The day of my stroke was an ordinary day. I was in a small town called Knights Ferry, California helping my now ex husband load a small pickup truck on the back of our trailer. The truck didn’t have a working motor in it, which meant we had to manually push it onto the trailer.
I was trying with all my might to get it onto the trailer when suddenly the world looked different. It was as if I were placed inside a fish bowl looking out. I couldn’t distinguish distance, my vision was skewed, and I couldn’t speak. As I began to melt to the ground, I’d realized the use of my right side was non-existent.
Remembering that I had a massive truck in front of me, I tried to grab a block to prevent it from rolling me over. This was the first of many frustrating tasks that I experienced. It seemed so close to me and yet, I couldn’t reach it. I later learned this phenomenon was due to the location in my brain that the blood clot struck.
One of the reasons why I recovered so well was because I was with someone at the time who was able to recognize what was happening to me. He was quick to respond and he got me the much needed care. “Are you having s stroke?” I heard him say. Instantly I thought to myself, “Pssshhhh only old people have strokes. I’m not old. I’m only 36.”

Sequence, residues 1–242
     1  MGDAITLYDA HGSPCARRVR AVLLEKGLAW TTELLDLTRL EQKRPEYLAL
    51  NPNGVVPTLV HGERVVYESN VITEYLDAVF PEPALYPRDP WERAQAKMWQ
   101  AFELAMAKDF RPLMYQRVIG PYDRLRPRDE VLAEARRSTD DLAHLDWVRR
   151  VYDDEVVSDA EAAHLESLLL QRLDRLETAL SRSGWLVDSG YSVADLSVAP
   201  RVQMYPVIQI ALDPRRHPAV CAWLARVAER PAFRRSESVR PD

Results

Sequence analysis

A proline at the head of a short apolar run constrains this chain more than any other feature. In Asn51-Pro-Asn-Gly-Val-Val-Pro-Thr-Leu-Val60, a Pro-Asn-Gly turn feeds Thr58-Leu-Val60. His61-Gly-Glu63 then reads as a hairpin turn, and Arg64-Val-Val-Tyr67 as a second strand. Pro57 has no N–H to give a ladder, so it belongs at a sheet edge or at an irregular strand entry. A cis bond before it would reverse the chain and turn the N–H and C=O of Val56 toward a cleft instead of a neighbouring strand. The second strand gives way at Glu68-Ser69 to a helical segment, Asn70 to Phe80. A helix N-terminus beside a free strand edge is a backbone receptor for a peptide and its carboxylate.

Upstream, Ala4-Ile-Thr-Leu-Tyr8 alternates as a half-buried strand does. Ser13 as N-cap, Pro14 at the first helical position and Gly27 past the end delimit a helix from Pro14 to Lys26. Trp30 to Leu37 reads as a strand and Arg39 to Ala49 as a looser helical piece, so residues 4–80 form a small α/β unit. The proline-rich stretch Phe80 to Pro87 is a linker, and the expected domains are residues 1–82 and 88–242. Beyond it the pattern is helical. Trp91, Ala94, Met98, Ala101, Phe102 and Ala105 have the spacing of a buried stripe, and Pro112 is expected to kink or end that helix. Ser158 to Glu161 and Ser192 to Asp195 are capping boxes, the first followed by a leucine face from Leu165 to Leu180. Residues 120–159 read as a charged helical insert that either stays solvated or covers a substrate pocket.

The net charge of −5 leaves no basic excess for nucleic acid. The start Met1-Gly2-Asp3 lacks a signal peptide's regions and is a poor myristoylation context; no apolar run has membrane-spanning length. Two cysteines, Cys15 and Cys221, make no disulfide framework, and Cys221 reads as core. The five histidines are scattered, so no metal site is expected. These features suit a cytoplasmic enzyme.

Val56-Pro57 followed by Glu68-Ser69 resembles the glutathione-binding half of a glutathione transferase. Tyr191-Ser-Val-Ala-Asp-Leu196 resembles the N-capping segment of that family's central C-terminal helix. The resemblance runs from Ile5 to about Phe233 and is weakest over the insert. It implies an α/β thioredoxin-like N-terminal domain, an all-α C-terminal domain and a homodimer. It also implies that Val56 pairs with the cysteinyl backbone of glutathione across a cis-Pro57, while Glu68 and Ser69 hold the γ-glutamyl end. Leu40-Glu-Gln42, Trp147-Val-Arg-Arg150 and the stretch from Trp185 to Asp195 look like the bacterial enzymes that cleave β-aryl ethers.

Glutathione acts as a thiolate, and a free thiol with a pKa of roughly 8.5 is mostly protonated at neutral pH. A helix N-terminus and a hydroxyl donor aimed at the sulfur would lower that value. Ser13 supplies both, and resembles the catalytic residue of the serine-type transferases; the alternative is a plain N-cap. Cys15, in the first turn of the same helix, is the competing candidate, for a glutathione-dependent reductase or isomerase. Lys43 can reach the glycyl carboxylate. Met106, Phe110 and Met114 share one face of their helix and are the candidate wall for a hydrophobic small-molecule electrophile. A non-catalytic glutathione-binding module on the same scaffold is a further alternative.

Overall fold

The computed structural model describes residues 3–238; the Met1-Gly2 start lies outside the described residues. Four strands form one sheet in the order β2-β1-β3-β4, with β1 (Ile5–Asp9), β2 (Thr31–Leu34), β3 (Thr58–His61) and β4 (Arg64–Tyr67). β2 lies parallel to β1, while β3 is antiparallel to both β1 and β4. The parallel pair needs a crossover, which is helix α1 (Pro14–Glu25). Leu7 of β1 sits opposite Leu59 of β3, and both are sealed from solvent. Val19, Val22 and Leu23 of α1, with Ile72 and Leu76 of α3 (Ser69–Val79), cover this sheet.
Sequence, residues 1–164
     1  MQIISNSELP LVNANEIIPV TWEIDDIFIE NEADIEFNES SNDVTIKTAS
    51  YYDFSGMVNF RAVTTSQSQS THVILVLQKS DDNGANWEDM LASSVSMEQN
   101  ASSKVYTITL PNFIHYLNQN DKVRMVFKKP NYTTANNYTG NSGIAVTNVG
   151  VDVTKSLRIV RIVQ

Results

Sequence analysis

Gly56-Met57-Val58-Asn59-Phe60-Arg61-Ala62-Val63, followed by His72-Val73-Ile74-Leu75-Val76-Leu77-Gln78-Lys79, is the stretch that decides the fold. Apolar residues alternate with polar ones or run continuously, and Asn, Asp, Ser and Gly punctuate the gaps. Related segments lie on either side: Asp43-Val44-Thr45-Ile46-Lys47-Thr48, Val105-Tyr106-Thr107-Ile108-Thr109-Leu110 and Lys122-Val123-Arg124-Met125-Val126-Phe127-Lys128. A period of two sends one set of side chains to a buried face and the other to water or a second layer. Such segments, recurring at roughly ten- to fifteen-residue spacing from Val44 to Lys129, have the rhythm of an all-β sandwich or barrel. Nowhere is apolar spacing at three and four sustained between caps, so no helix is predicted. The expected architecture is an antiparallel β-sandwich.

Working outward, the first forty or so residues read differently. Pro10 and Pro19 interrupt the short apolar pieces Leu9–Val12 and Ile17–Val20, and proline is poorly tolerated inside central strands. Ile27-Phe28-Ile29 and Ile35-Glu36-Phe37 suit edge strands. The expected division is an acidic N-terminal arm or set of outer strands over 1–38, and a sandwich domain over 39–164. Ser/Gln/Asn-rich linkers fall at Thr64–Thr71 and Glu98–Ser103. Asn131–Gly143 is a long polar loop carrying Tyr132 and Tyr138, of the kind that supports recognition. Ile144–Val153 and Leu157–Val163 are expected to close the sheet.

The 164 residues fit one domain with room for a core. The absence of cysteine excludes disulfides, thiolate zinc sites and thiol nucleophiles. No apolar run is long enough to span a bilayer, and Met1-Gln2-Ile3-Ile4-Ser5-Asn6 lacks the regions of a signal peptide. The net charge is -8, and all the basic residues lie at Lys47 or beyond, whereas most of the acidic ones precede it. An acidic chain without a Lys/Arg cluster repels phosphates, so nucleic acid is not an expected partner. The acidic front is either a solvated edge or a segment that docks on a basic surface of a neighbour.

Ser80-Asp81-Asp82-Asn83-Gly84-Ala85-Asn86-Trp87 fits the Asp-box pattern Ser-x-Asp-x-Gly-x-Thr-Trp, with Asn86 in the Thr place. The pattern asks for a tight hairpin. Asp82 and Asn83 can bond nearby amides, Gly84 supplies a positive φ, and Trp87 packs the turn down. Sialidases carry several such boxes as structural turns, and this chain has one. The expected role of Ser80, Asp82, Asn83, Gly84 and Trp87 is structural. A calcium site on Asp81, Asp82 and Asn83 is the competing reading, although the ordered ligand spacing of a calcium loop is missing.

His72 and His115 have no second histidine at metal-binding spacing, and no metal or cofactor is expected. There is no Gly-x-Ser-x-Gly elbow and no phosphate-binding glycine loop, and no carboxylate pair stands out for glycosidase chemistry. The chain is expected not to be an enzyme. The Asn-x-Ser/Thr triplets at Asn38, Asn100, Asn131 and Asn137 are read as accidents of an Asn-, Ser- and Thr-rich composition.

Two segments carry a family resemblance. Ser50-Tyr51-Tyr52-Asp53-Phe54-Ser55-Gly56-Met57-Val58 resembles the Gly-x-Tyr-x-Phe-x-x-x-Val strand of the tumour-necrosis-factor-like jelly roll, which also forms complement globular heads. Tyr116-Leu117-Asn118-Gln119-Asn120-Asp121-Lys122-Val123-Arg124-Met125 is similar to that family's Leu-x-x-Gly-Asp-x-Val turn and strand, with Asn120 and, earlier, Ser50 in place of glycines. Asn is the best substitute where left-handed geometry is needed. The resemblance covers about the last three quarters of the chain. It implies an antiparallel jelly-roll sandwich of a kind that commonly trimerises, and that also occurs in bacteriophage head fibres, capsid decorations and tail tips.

However, I was indeed experiencing a stroke- a hemorrhagic stroke to be precise. This particular type of stroke is known as the most dangerous type of stroke to have, because you are literally bleeding internally.
Not once did I loose consciousness (well until I was put under for my surgery). Not once was I in pain. Both of which I’ve been told is very unusual. Surprisingly, I can recall every minute of my stroke. Some of the stories are sad, some are frustrating, and some are down right hilarious. But all of which are educational and entertaining read.
In this space of my blog, I will be sharing information that I’ve learned through the process of my educational career. Using academic sources such as peer reviewed journals and my education, intertwined with my experience, will give caregivers and medical professionals a great insight as to what is going on inside the mind of a true survivor.
Support Store. (2021). Stroke awareness. Retrieved from https://www.supportstore.com/awareness-stroke.html